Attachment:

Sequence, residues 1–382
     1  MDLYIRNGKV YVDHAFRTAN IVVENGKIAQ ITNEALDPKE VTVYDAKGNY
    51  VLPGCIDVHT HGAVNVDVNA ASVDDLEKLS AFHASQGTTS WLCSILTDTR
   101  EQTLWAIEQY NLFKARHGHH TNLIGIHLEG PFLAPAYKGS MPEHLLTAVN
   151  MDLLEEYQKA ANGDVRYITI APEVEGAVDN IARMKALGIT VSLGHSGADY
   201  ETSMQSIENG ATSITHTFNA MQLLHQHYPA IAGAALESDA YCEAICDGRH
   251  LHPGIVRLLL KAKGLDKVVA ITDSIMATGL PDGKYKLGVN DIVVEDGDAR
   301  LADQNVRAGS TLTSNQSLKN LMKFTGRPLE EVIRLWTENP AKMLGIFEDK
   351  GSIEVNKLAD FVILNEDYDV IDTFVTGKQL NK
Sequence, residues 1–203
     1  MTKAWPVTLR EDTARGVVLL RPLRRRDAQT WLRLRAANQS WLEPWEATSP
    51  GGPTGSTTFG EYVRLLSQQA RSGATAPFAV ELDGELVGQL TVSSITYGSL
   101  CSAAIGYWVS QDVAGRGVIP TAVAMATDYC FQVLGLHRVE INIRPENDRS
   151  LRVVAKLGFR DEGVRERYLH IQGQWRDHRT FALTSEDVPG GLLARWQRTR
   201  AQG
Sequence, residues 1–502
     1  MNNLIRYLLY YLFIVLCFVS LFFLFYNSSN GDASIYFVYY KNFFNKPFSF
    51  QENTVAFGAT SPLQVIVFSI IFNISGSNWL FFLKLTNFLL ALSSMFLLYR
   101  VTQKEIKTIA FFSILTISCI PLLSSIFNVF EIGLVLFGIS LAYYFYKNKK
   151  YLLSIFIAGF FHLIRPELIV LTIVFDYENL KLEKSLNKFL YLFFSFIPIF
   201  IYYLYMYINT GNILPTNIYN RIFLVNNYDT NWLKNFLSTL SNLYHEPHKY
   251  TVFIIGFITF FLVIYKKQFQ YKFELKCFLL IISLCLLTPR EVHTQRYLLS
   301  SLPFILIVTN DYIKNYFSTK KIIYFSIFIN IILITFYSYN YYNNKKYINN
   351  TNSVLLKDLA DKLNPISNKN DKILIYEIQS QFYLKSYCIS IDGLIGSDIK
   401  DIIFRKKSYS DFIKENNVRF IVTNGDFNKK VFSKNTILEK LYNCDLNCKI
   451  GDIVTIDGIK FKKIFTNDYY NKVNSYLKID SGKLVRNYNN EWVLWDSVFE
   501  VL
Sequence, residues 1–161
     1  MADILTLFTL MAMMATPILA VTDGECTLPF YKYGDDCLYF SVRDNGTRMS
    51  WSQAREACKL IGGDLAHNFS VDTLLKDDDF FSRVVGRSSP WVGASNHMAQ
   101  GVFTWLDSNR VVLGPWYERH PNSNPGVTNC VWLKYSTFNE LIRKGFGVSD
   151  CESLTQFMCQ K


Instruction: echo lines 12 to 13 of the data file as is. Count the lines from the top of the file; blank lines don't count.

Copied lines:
    51  GGPTGSTTFG EYVRLLSQQA RSGATAPFAV ELDGELVGQL TVSSITYGSL
   101  CSAAIGYWVS QDVAGRGVIP TAVAMATDYC FQVLGLHRVE INIRPENDRS